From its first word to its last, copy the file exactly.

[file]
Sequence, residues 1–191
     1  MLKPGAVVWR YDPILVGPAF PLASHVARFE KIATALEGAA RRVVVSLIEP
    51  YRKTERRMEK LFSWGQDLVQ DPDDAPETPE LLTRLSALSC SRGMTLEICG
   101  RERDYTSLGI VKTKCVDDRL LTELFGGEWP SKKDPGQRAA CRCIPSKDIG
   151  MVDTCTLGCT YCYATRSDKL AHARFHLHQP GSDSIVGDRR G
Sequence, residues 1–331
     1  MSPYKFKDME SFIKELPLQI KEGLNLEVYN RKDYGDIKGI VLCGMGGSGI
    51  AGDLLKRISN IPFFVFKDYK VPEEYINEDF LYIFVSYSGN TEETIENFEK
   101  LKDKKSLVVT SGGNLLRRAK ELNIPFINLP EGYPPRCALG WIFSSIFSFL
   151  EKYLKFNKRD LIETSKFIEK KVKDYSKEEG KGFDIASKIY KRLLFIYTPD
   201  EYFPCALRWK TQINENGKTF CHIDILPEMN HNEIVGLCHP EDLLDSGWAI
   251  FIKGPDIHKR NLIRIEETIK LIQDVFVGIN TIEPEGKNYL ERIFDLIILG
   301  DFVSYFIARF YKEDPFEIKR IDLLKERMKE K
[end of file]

Sequence, residues 1–191
     1  MLKPGAVVWR YDPILVGPAF PLASHVARFE KIATALEGAA RRVVVSLIEP
    51  YRKTERRMEK LFSWGQDLVQ DPDDAPETPE LLTRLSALSC SRGMTLEICG
   101  RERDYTSLGI VKTKCVDDRL LTELFGGEWP SKKDPGQRAA CRCIPSKDIG
   151  MVDTCTLGCT YCYATRSDKL AHARFHLHQP GSDSIVGDRR G
Sequence, residues 1–331
     1  MSPYKFKDME SFIKELPLQI KEGLNLEVYN RKDYGDIKGI VLCGMGGSGI
    51  AGDLLKRISN IPFFVFKDYK VPEEYINEDF LYIFVSYSGN TEETIENFEK
   101  LKDKKSLVVT SGGNLLRRAK ELNIPFINLP EGYPPRCALG WIFSSIFSFL
   151  EKYLKFNKRD LIETSKFIEK KVKDYSKEEG KGFDIASKIY KRLLFIYTPD
   201  EYFPCALRWK TQINENGKTF CHIDILPEMN HNEIVGLCHP EDLLDSGWAI
   251  FIKGPDIHKR NLIRIEETIK LIQDVFVGIN TIEPEGKNYL ERIFDLIILG
   301  DFVSYFIARF YKEDPFEIKR IDLLKERMKE K